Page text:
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Brendan Barber – Totally Bereft Of Clue

When you start to be seen as a critical thinker some will call you a pain in the backside, a cynic and maybe other, slightly more expletive laden things.  There’s nothing wrong with having a critical appraisal faculty in your thinking.  Certainly one might expect trade union leaders to have some degree of critical appraisal.

Brendan Barber clearly has no such faculty.  Mr Barber is the General Secretary of the TUC and before today was probably best known for his pro-Facebook at work stance against employers.

Until today.

Now Mr Barber hasn’t quite grasped that employers do in fact have the right to say what can and cannot happen on their computer networks.  In fact there are good reasons why this is so.  Once the Disaster Recovery posts are published I’ll write a post on that topic.  And it’s nothing to do with wanting to control employees’ lives outside work (although there are some organisations who want to do that and should be rebuked severely for their desire).

Today, in an outstanding demonstration of a complete lack of critical thinking and a total disregard for the basic tenet of English Law – innocent until proven guilty – Mr Barber was trotted out as another puppet to justify the Orwellian sanctions in the Digital Economy Bill.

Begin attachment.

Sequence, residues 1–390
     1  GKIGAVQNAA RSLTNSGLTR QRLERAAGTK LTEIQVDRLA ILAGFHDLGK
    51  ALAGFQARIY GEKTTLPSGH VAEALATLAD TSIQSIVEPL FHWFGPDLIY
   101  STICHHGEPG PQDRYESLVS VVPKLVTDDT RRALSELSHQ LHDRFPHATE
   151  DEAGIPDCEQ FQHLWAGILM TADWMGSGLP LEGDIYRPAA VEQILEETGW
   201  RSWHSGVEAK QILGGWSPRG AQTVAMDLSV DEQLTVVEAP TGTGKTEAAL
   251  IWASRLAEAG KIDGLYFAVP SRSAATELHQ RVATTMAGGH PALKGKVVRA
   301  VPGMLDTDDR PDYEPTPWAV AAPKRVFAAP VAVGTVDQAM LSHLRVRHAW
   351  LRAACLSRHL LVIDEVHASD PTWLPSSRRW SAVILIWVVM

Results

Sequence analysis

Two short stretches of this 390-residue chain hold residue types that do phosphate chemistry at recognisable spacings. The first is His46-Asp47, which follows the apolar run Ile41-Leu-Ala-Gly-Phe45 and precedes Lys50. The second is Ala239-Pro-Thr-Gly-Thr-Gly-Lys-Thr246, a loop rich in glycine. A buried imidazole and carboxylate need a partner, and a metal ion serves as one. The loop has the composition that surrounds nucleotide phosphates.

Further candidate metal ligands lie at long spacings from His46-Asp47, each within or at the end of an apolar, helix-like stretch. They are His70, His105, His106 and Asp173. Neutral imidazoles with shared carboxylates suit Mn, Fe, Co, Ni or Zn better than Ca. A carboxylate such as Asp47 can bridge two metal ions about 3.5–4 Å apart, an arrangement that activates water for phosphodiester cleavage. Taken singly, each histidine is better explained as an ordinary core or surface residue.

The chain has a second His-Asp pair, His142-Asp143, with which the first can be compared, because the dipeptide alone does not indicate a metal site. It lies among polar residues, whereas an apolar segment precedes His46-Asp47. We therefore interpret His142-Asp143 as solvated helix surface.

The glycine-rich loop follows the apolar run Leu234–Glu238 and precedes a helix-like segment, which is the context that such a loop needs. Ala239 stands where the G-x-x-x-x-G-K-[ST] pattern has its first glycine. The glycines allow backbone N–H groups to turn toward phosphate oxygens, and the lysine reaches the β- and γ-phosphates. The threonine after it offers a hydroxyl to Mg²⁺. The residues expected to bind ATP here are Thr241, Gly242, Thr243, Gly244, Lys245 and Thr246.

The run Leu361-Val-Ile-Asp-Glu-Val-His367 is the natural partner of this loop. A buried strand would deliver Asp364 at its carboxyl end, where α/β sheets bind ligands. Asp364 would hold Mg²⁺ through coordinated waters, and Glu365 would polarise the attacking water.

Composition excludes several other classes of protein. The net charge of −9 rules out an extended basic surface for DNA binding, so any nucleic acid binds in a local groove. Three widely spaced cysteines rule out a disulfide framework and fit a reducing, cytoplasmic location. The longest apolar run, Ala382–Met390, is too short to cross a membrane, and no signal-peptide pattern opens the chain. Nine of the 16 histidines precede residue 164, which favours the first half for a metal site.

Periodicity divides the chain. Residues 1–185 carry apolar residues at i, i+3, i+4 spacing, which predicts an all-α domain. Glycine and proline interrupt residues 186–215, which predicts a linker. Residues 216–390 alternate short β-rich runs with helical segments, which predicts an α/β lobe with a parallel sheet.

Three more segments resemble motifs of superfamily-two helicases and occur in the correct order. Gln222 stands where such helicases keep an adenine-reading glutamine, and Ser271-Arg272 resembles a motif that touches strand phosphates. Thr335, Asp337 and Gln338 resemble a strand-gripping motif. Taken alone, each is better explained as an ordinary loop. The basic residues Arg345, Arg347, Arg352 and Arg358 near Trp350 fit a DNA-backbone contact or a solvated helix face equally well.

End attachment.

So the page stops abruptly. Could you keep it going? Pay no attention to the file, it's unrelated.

I draw attention to this part of the BBC report

“I am fed up of hearing corporate propaganda being deployed in order to justify intrusions on our rights to freedom of speech, privacy and to a fair trial,” [Jim Killock of the Open Rights Group] said.

“We have no truck with infringement of copyright, but it is shameful that anyone from the Labour movement can attempt to justify removal of vital services such as the internet as a punishment.”

The ORG recently revealed that certain amendments to the bill proposed in the House of Lords – but not passed – had been drafted by music industry group the BPI.

“Members of the Labour movement spent decades fighting for people’s rights to basic services, education, and political organisation: they need to ask themselves where their true values lie,” said Mr Killock.

“Are they with Gordon Brown’s call to recognise the internet as just as vital for the today’s citizens as water, gas and electricity; or are they with music industry lobbyists, calling on Parliament to infringe people’s human rights?”

Instead of swallowing corporate propaganda spewed out by puppets, go to the Open Rights Group blog and read some balanced and justifiably critical commentary.

Brendan Barber has shown a flagrant disregard for the history of the Labour movement.  He no longer retains any credibility.

Just like the government with which he associates himself.

Published inlack of CluePolitics